NoRedInk is an interactive web resource that helps students learn how to write correctly. Founded in 2012, it features customized online drills that make use of personal interests, popular TV shows, and the names of friends, which then evolve and adapt based on student progress.
The program generates sentences that students can edit, rather than traditional testing styles, and allows teachers to quickly assess strengths and weaknesses. The product is free, but the company has recently introduced a premium version at the request of school districts.
NoRedInk's About page includes a list of the concepts it addresses, including proper apostrophe usage, "affect" vs "effect," and other common grammar mistakes. The founder and CEO, Jeff Scheur, says:
"Because multiple choice tests aren't a great way to learn, we're focused on building authentic, personalized curriculum that inspires kids to think creatively and help them write better. Teachers spend a tremendous amount of time grading papers, and yet students are rarely able to use the feedback because they're discouraged by all the red ink without a clear path to getting better. We're trying to change that.
The College Board and ACT have reported that the grammar and writing section has had the lowest scores of any section on either test since it was introduced in 2006. Lizette Chapman of the Wall Street Journal reports that according to the National Center for Education Statistics, only 27% of students tested at or above grade level proficiency in writing.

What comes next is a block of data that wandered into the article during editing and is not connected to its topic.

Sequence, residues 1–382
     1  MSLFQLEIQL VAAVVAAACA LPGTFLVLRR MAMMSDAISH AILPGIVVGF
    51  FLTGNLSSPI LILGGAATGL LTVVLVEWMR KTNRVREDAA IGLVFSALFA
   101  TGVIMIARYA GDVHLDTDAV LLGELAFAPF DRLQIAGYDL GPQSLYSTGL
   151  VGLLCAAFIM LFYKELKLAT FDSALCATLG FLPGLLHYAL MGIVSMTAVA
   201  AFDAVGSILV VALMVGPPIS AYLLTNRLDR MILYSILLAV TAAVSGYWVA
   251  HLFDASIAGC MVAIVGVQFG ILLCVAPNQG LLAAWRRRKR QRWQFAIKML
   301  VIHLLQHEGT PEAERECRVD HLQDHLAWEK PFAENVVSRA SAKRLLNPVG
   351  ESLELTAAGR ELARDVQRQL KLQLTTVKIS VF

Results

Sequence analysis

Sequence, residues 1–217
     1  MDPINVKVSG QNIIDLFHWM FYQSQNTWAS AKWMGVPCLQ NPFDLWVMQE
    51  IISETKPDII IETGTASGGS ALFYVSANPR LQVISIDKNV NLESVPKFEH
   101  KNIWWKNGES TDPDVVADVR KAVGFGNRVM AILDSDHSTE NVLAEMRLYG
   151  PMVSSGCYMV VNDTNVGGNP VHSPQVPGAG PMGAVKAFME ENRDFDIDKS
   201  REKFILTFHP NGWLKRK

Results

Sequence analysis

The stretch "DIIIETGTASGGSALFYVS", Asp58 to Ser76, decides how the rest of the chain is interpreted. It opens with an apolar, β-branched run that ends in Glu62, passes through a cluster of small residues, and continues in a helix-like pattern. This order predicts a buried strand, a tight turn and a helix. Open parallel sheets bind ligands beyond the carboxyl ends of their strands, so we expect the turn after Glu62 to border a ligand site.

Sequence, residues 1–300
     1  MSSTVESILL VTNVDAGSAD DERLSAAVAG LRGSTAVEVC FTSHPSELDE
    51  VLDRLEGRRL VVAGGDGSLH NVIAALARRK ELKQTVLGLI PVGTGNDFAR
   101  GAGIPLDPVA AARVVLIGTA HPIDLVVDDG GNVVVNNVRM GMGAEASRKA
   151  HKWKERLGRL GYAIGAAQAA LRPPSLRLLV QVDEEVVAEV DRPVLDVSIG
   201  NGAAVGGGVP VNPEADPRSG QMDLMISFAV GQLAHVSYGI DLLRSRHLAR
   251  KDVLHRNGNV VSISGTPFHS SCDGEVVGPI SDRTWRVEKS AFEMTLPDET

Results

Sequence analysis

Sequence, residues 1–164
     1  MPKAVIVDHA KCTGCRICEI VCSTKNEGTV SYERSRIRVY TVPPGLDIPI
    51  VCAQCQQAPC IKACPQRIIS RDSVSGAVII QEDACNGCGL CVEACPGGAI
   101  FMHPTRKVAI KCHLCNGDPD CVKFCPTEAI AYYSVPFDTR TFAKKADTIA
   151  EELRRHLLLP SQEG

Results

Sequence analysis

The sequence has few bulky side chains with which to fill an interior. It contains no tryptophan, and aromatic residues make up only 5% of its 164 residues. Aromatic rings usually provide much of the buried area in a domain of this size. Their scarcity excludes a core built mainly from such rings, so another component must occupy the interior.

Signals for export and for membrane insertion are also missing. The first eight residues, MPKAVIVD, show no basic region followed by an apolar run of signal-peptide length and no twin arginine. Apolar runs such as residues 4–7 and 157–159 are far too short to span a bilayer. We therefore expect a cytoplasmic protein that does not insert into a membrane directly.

The founder, Jeff Scheur, was a high school English teacher in Chicago before starting NoRedInk, according to Marketwired. He says that despite spending 15 minutes on a student's paper, he/she would get flustered by all the red ink and just throw their graded essay in the trash. He created a coding system for grammar mistakes that would allow him to grade more efficiently and for students to more easily see what kind of mistakes they were making.
Teachers and other school officials have given statements and endorsements that appear on the NoRedInk website. Amelia Crotzer, a 7th grade teacher, is glad to "have an effective, streamlined method of tracking progress." Eric Nentrup, who instructs 12th graders, notes that his students were "incredibly receptive" to the program.
True Ventures has recently invested in NoRedInk Corp., along with The Social+Capital Partnership, Kapor Capital, and ReThink Education. Together they have provided $6 million to the start-up, in the hope that it can continue making strides in the way writing skills are taught.
Now, Scheur works with 11 engineers and linguists, but the company is planning on hiring more engineers and teachers so the curriculum can be expanded. He notes that the program can also be used for those learning English as a second language. "There's a billion people learning English internationally," he says. "It's a big market."